PJ Harvey walked on stage to deafening screams. Her outfit a tight red top with a plunging neckline and a disco-ball-esque miniskirt might have had something to do with the commotion. Gone were the messy hairdo and downcast eyes that marked her appearance during her last tour. Harvey's hair was pin-straight and her demeanor was just as smooth. You almost forgot that there were other people on stage with her. Margaret Fiedler (from Laika) and Tim Farthing were on guitars, Eric Drew Feldman (from Captain Beefheart) played bass and keyboards, and PJ's gifted creative partner Rob Ellis sat behind the drums.
Since PJ wrote her recent album, Stories From the City, Stories From the Sea, during a year's stay in New York City, her performances at New York's Hammerstein Ballroom on September 4 and 5, 2001, were sort of a homecoming. The last time I saw Harvey was on the Is This Desire? tour, and she looked disheveled, anxious, stiff. But the confident vibe on her latest CD made me expect a different show.
A small grin lit up Harvey's angular face, and, wasting no time, she opened the show with a lesser known B-side, "66 Promises," that lulled the crowd... but not for long. Cutting into "Big Exit," Harvey confidently strode across the stage, lunged backward and forward, and commanded the senses. The guitars didn't ring out as alarmingly as I hoped.
Their muted sound was frustrating, but Harvey's energy kept the song from being a total disappointment. "Good Fortune," "One Line," and "A Place Called Home" followed, and they sounded more rounded out.
After the first notes of "You Said Something," Harvey sweetly crooned the lyrics, which mention both Brooklyn and Manhattan. The moment seemed anticipated by many, as cheers drowned out the band. Harvey looked into the audience and gave a wide and genial smile, like she completely understood the feeling in the air (and this was before 9/11).
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While the crowd was buzzing over the new songs, everyone waited for some venomous older tunes. "Man-Sized" and "Dry" were just as awesome as when they first came out. Every note was delivered with a kind of scathing grace that epitomizes Harvey's earlier years. The theatrics grew when Harvey yipped and wailed "C'Mon Billy" and "The Sky Lit Up," and sang the dark and simmering "Down by the Water." Fiedler acted as Harvey's vocal shadow on the latter song, adding a sublime touch.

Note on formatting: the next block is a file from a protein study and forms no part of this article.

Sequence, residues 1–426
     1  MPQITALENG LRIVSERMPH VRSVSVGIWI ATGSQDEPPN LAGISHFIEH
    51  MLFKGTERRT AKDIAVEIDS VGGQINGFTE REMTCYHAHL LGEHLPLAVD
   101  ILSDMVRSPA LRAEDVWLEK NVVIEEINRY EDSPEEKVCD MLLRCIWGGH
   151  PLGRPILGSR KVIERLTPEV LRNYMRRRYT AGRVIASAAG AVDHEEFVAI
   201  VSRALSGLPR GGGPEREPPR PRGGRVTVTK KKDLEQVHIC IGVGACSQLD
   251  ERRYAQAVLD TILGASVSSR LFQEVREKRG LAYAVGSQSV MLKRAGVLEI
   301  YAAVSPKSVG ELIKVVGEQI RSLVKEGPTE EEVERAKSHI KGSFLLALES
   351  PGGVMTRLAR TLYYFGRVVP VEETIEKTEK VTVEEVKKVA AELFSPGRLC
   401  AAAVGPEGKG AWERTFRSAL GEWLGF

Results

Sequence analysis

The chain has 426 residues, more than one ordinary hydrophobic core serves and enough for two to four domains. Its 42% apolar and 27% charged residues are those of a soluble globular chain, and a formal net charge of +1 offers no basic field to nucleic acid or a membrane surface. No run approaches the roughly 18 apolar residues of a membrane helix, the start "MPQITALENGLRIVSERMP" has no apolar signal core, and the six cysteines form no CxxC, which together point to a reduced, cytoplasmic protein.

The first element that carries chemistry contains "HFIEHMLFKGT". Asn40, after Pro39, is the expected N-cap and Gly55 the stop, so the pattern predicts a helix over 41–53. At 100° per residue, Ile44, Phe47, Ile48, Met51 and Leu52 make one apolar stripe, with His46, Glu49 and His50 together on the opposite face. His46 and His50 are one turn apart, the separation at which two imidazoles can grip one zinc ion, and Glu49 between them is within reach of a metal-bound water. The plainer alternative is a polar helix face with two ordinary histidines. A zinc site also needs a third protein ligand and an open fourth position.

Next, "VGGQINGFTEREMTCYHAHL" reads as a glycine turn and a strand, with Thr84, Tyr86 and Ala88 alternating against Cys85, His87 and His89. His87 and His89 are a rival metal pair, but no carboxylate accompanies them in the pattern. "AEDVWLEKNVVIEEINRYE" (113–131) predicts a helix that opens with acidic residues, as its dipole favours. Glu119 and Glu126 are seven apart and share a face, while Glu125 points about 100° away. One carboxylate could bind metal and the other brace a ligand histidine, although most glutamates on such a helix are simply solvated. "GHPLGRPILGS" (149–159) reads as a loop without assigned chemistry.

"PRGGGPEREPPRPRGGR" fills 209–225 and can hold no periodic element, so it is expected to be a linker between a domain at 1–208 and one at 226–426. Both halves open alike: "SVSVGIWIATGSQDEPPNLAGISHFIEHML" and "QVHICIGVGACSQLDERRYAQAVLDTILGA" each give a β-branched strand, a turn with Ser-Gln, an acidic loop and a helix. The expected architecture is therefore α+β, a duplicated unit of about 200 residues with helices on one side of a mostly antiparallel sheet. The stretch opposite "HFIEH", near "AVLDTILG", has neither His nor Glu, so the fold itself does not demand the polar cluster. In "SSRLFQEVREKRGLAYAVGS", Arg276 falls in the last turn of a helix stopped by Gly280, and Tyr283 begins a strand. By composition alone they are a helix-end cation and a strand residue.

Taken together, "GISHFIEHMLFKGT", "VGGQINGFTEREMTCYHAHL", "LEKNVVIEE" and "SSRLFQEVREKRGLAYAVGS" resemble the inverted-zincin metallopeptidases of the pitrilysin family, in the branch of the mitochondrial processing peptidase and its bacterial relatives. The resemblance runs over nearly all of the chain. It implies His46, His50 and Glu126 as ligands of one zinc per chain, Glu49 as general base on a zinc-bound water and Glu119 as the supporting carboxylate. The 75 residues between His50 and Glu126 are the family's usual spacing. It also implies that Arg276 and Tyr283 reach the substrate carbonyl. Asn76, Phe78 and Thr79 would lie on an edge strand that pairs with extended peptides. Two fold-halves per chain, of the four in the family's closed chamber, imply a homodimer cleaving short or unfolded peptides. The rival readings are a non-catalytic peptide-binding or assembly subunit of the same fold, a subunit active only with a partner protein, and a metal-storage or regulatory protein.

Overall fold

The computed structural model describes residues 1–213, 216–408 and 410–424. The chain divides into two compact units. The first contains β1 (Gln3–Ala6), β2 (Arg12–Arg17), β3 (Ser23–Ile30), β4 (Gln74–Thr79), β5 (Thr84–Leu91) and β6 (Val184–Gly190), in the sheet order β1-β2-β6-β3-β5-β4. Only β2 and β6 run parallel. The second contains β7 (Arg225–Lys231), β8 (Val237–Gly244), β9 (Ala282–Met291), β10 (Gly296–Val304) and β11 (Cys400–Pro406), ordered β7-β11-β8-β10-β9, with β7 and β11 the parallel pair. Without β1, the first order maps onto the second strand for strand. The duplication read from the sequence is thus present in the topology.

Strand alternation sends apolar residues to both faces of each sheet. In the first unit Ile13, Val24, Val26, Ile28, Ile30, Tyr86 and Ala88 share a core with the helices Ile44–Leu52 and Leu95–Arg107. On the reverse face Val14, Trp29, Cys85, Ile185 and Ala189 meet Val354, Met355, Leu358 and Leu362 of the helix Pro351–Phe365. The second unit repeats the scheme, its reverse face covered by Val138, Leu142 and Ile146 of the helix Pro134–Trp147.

When not singing and strutting her goods, Harvey herself was pleasantly humble (perhaps a little too humble). In a refined voice, she spoke only to say, "Thank you. Thank you very much." This lack of banter with the audience adds to Harvey's allure and makes you want her even more. During a break between songs, a young girl in the crowd shrieked, "I love you! I love you!" The crowd laughed because the frenzy in her voice was very recognizable everyone felt it, but few dared to show it. Another expressive fan with a burly Brooklyn accent barked out "Paw-lee Jean!!" Harvey paid no mind to either crazed eruption.
Not to ignore the quieting effects PJ can have, "Angelene" and "Nickel Under the Foot" wrapped themselves around the audience. "The Best Thing" was executed as a beautiful duet with Ellis. Okay, enough of the quieting effects.
By far, the highlight of the performance was a solo rendition of "Rid of Me." Harvey took center stage with her guitar and ripped the song to shreds, mostly with her eyes closed. The intensity could've crushed your skull. It sucked the wind out of the crowd and left them wobbly. People figured "Rid of Me" was her last song, but it would've been downright excruciating had Harvey ended the concert while the crowd was ready to combust. The similarly resolute "Horses in my Dreams" was the closing number. As she repeatedly sang the line "I have pulled myself clear" over the gliding music, it felt like Harvey was trying to prove that she's not the scorched woman you remember. She's evolving as an artist and as a human being. This performance made it clear that Harvey's not going to be your tortured darling anymore. Well, not for now, anyway.
More PJ Harvey on NY Rock
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